These observations indicate that the level of radioactivity has been decreasing at the site.
As reported earlier, a 400 millisieverts (mSv) per hour radiation dose observed at Fukushima Daiichi occurred between units 3 and 4. This is a high dose-level value, but it is a local value at a single location and at a certain point in time.
World Nuclear News – A close watch is being kept on the radiation levels to ascertain the status of containment. As a precaution Tokyo Electric Power Company has evacuated all non-essential personnel from the unit. Fifty of the company’s engineers remain to pump seawater into the reactor pressure vessel in an effort to cool it.
A message recieved from Tepco at about 5pm said the primary containment vessel around the reactor and secondary containment provided by the reactor building “show no significant change.”
The International Atomic Energy Agency did confirm that the fire had taken place in the used fuel storage pool. The Japan Atomic Industry Forum’s status report said the water was being supplied to make up for low levels.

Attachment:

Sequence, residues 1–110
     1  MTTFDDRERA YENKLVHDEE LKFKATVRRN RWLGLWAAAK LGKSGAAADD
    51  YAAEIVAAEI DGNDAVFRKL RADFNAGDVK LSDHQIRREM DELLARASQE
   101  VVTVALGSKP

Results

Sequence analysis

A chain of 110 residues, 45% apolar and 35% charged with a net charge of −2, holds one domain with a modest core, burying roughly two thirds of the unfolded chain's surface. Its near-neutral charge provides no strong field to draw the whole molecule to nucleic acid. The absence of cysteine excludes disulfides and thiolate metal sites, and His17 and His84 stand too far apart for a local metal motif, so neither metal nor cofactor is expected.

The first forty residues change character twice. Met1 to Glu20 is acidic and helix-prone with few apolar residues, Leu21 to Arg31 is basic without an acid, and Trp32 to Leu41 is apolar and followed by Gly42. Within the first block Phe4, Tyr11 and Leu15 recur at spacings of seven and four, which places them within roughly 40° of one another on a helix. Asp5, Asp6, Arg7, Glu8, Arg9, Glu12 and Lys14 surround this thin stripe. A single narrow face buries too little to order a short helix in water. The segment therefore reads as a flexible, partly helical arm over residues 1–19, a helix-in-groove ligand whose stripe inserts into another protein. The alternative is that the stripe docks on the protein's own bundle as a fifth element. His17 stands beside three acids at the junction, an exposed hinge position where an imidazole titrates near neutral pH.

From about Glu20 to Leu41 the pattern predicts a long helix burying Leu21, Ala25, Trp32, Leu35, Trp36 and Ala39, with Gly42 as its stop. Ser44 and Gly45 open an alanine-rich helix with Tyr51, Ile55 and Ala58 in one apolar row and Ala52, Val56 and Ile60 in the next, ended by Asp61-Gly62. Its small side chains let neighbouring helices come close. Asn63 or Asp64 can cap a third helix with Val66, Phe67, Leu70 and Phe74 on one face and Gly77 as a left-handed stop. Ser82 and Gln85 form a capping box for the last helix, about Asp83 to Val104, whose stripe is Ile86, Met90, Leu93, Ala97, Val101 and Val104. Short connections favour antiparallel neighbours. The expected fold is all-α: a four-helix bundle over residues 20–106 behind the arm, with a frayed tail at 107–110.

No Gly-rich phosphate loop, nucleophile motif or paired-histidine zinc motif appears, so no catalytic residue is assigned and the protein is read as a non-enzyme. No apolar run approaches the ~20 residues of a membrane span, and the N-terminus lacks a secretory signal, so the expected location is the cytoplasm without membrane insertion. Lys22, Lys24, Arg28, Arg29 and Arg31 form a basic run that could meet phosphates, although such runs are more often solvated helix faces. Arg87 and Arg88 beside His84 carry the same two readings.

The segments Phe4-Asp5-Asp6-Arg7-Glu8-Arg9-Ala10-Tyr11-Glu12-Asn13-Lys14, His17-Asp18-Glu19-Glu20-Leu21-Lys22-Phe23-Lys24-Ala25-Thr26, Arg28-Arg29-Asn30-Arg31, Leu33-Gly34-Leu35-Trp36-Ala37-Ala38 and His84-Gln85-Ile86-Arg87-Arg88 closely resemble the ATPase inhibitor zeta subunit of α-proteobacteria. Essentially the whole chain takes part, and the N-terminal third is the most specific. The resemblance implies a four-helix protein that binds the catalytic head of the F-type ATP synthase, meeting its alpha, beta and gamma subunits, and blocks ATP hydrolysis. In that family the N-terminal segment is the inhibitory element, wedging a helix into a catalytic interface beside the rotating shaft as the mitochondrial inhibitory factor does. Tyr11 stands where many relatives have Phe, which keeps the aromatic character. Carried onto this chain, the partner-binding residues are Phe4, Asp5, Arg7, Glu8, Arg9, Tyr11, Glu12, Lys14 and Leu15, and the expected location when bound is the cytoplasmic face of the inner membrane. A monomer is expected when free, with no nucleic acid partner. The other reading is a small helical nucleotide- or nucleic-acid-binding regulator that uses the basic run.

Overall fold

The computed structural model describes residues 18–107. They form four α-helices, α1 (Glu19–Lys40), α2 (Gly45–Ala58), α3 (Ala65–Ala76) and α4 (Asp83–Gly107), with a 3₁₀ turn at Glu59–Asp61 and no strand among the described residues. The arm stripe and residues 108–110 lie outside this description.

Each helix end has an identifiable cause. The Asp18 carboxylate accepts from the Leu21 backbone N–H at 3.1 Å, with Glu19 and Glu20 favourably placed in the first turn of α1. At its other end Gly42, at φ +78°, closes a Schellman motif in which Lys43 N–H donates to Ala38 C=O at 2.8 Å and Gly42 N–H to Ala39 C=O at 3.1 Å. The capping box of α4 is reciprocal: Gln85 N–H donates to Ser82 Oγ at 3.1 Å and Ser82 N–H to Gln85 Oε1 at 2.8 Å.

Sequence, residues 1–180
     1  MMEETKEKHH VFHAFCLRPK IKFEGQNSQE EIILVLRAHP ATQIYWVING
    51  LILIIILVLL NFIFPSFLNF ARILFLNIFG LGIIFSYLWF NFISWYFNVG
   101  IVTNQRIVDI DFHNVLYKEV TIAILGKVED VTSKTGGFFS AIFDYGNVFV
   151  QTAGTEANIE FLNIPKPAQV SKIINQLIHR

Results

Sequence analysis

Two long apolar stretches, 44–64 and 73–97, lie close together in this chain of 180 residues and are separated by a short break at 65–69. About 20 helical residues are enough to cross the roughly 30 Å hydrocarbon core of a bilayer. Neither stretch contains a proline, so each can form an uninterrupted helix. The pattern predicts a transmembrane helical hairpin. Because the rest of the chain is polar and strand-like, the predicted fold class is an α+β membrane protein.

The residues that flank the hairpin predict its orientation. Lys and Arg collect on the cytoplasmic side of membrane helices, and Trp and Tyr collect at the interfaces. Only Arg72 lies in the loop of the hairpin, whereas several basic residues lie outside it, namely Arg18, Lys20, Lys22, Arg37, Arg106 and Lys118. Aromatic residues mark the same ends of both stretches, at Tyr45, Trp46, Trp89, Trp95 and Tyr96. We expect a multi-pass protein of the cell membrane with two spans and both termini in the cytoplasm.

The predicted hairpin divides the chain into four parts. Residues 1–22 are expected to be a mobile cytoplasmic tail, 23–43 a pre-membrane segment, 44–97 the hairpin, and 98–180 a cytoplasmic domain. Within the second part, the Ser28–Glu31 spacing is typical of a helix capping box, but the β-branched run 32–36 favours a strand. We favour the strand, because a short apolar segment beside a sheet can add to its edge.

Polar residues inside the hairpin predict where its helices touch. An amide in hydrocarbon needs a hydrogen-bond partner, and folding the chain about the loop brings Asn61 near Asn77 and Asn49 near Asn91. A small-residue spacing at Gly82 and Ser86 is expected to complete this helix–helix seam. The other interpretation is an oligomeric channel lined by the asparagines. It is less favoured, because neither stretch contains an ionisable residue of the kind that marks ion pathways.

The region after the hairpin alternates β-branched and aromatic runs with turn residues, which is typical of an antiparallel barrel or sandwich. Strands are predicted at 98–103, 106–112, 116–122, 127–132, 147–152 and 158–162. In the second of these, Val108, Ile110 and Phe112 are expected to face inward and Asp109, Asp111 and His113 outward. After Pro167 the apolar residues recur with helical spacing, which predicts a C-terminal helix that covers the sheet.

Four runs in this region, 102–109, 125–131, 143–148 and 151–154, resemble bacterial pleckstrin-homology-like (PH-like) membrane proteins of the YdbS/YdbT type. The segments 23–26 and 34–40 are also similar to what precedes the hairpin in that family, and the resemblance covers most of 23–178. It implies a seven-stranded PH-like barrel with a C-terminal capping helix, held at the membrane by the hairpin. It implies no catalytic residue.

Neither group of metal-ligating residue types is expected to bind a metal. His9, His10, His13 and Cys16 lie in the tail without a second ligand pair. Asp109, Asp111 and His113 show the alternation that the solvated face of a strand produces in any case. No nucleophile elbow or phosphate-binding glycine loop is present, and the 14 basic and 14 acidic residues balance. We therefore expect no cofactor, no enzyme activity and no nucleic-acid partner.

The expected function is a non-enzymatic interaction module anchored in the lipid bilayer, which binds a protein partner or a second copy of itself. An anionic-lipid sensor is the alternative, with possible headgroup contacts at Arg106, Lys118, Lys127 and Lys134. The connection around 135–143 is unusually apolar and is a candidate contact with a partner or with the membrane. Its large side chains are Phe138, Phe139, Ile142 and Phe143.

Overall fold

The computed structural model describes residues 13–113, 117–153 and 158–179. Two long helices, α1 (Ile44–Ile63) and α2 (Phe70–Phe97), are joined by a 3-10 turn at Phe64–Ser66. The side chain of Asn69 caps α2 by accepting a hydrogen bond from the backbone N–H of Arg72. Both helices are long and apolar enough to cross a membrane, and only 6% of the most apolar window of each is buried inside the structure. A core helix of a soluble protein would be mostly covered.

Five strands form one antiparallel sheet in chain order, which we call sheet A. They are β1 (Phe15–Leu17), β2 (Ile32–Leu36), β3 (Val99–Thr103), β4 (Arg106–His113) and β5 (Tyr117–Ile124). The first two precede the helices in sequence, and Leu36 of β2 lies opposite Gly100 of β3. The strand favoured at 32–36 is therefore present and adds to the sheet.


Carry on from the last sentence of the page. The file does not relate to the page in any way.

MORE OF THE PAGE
Similar to the need to cool fuel in the reactor core, used fuel assemblies in cooling ponds require a covering of water to remove decay heat. The main differences being the amount of decay heat to be removed decreases exponentially with time and that fuel ponds are much less of an enclosed space than a reactor vessel. At the same time, ponds may contain several years of fuel.
JAIF reported that temperatures in the cooling ponds at units 5 and 6 are increasing, but the reason for this is not yet available.
About 150 persons from populations around the Daiichi site have received monitoring for radiation levels. The results of measurements on some of these people have been reported and measures to decontaminate 23 of them have been taken. The IAEA will continue to monitor these developments.